I divide my story into three acts, a beginning, middle, and end, then write a four page general summary. It is encouraging to see my story in microcosm, even if I depart from it. Four pages is a manageable length that lets me see structural problems before I ever encounter them.
Anything I do to illuminate my story increases my “faith” that I will finish, my belief in the “real yet unborn.”
However, the most potent way to keep my belief in my story alive is to write on it consistently. I write every day, not because I am disciplined, but because it is easier for me to do that than to write inconsistently. Force of habit is real; it propels me farther and faster than the most moving pep talk.
A writing habit relieves the pressure to believe. It persists even on days I am not sure where I am headed. It does not require me to decide each day whether my chances of success are realistic.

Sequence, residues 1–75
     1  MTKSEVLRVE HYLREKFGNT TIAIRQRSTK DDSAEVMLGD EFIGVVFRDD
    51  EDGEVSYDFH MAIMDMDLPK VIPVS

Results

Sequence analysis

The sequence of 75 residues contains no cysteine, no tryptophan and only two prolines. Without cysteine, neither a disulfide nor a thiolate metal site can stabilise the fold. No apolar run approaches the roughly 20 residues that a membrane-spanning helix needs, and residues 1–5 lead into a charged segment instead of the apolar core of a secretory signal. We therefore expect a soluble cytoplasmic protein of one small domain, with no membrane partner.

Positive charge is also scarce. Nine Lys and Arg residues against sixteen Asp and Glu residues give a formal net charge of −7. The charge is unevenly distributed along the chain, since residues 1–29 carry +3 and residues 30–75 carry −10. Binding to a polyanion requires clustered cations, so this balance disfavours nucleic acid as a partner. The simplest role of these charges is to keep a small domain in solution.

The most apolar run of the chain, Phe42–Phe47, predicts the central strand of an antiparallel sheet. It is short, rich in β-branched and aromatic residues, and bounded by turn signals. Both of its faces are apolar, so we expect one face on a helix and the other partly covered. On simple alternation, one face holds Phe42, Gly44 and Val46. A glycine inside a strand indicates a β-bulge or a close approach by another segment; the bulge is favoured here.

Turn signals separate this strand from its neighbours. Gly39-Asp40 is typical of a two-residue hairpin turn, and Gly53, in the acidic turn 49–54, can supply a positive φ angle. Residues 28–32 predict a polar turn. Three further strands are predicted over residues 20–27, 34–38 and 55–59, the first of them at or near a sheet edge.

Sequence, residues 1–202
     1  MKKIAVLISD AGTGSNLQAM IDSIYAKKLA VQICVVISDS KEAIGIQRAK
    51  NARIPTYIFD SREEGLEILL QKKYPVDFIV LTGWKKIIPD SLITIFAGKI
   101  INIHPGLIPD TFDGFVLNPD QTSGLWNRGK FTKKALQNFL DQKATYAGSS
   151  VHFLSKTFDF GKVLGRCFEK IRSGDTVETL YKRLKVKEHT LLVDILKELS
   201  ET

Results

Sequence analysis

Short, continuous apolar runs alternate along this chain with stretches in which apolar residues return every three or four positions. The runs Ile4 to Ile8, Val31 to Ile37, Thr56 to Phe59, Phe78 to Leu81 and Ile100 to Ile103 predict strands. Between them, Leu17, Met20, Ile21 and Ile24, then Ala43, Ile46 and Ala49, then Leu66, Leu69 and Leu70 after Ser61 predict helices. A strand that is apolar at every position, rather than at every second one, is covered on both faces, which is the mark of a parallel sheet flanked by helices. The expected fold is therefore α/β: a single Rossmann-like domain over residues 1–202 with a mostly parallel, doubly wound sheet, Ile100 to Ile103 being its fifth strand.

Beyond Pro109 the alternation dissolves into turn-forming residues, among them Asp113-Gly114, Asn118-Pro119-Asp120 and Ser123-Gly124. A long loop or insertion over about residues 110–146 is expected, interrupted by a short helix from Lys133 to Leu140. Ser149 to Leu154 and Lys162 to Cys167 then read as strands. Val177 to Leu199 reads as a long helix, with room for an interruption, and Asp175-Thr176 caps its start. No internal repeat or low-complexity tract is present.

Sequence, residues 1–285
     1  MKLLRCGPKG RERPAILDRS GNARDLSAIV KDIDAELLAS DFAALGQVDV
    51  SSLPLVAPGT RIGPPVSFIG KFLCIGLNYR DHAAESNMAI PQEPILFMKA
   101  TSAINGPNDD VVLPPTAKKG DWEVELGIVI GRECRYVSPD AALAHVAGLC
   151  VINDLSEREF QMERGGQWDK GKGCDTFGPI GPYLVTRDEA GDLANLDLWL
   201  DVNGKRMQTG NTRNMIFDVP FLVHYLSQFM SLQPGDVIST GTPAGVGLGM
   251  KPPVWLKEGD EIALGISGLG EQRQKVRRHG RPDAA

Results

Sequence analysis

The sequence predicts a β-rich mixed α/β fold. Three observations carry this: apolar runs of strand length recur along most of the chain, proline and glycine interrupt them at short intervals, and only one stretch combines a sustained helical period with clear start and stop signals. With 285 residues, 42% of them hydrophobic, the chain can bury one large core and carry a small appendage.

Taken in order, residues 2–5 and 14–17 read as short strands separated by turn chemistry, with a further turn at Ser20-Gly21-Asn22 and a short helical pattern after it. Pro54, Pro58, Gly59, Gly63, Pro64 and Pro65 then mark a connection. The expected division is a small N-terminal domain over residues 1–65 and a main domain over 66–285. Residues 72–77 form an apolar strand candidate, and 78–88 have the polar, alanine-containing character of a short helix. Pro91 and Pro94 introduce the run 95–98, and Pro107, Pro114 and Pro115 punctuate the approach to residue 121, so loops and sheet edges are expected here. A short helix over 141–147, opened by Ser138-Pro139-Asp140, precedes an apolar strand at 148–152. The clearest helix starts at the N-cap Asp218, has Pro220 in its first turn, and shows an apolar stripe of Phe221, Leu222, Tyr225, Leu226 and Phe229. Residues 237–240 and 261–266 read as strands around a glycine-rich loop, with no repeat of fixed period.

It leads me to ask questions about the present, not the future. Instead of asking, “Am I ultimately going to succeed?“ I ask, “Did I write today? Was it interesting? Did I write what I love? Did my efforts reveal anything new about my novel?”
Such questions allow me to set aside my uncertainty to deal with at a later time. However, eliminating all uncertainty is not just unnecessary, but undesirable. Uncertainty energizes my writing. Creative tension sparks interest. If I knew exactly what my novel was going to look like, a big incentive to write would be gone. Part of the fun of writing lies in being surprised.
While belief in my ultimate success does matter, my love of the process matters more. Love for act of writing, more than anything else, will drive me to the end. On days when self-doubts arise, I spare myself the burden of giving myself pep talks. Instead I ask myself, what can I learn from this? When I do that, it is okay for me to feel like a beginner. There is always more about writing to learn, which means that whether I succeed or fail, writing is never a waste of time.
In writing I need my uncertainty as much as I need my belief. It is in the space between those opposite poles that creativity ignites.